Enter a character before exit …

root@sgx2-HP-ENVY-x360-m6-Convertible:~/git/sgxbug# ./app 3
Got senstive instruction idx: 3
Checksum(0x0x7fffb1b31300, 100) = 0xfffd4143
Info: executing thread synchronization, please wait…
Start sensitive instruction testing…
MSW: ffffffffffff0033
Sensitive instruction testing done…
Info: SampleEnclave successfully returned.
Enter a character before exit …

root@sgx2-HP-ENVY-x360-m6-Convertible:~/git/sgxbug# ./app 4
Got senstive instruction idx: 4
Checksum(0x0x7ffcfe43bee0, 100) = 0xfffd4143
Info: executing thread synchronization, please wait…
Start sensitive instruction testing…
TR: ffffffffffff0040
Sensitive instruction testing done…
Info: SampleEnclave successfully returned.
Enter a character before exit …

root@sgx2-HP-ENVY-x360-m6-Convertible:~/git/sgxbug#

(Maybe not) Surprisingly, only SMWS is working smoothly but also SGDT, SLDT, SIDT, and STR. In summary, there is no any limitation for code in the enclave to execute these security sensitive instrucitons.

4. UMIP

Now what? It turns out the latest Intel CPU has a thing called UMIP – User Mode Instruction Prevention [5], which as its name implied can block some security sensitive instructions running at ring-3. The blocked instructions currently include all the 5 instructions mentioned above. That means, once UMIP is enabled, the user-space application (or malware) is not able to run these instructions anymore. This is really good in my opinion and I would recommend enabling this if possible to reduce the attack surface from the user space. Due to this reason, we add some new features to the CHIPSEC tool [9], detecting the UMIP feature, checking if the feature enabled, and enabling the UMIP for all cores if possible. For implementation details, please refer to the commit (https://github.com/daveti/chipsec/commit/0da5abf7e41b7fd9750a1a559db8b2f427745f88) and the commit (https://github.com/daveti/chipsec/commit/3c9b04903a616040e93e59260f313e1ff018eed6).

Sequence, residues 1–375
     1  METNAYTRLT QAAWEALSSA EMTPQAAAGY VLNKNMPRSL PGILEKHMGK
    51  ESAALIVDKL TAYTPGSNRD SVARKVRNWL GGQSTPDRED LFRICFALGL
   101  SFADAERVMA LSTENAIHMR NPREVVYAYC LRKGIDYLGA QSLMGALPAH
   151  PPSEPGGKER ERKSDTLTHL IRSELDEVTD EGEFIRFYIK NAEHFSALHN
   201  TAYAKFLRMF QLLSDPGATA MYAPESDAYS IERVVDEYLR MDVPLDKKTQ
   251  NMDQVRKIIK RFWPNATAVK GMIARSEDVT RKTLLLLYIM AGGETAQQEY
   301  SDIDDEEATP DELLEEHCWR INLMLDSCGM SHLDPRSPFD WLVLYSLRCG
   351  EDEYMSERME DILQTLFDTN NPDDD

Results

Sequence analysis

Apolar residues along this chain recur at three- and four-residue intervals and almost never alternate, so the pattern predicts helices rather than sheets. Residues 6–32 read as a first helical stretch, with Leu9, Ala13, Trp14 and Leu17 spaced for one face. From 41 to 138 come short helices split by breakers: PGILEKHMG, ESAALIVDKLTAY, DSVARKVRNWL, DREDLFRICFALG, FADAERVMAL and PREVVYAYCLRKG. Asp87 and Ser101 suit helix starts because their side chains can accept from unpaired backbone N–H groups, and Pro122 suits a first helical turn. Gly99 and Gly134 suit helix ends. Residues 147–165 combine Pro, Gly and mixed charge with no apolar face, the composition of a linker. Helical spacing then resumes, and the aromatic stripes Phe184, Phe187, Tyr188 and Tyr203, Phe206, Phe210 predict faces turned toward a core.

5. What if…

With the knowledge of UMIP, we can start thinking what would happen for SKL012 when UMIP is enabled. We have verified that without UMIP, all these instructions work in the enclave. Will they work again when UMIP is enabled? Unfortunately, my SGX CPU is apparently not “latest” enough to have such a feature:

root@sgx2-HP-ENVY-x360-m6-Convertible:~/git/chipsec# chipsec_util cpu umip detect

#################################################################
### ##
### CHIPSEC: Platform Hardware Security Assessment Framework ##
### ##
#################################################################
[CHIPSEC] Version 1.2.5
****** Chipsec Linux Kernel module is licensed under GPL 2.0
[CHIPSEC] API mode: using CHIPSEC kernel module API
[CHIPSEC] Executing command ‘cpu’ with args [‘umip’, ‘detect’]

[cpu] CPUID out: EAX=0x00000000, EBX=0x029C67AF, ECX=0x00000000, EDX=0x00000000
[CHIPSEC] UMIP available for CPU: False
[CHIPSEC] (cpu) time elapsed 0.000

Here is what I imagined: Because of SKL012 bug in SGX, it is possible that UMIP could not prevent the execution of these security sensitive instructions within the enclave. If this is true, with UMIP enabled, malware would need to use SGX to guarantee the exeution of these (e.g., VM detection).

Reference:

[1]http://www.intel.com/content/dam/www/public/us/en/documents/specification-updates/desktop-6th-gen-core-family-spec-update.pdf
[2]https://www.blackhat.com/docs/us-16/materials/us-16-Aumasson-SGX-Secure-Enclaves-In-Practice-Security-And-Crypto-Review.pdf
[3]https://www.usenix.org/legacy/publications/library/proceedings/sec2000/full_papers/robin/robin_html/index.html
[4]http://hypervsir.blogspot.com/2014/10/kernel-information-leak-with.html
[5]https://lkml.org/lkml/2016/11/8/68
[6]http://charette.no-ip.com:81/programming/2009-12-30_Virtualization/2009-12-30_Virtualization.c
[7]https://github.com/daveti/sgxbug
[8]https://github.com/01org/linux-sgx
[9]https://github.com/daveti/chipsec

About daveti

Interested in kernel hacking, compilers, machine learning and guitars.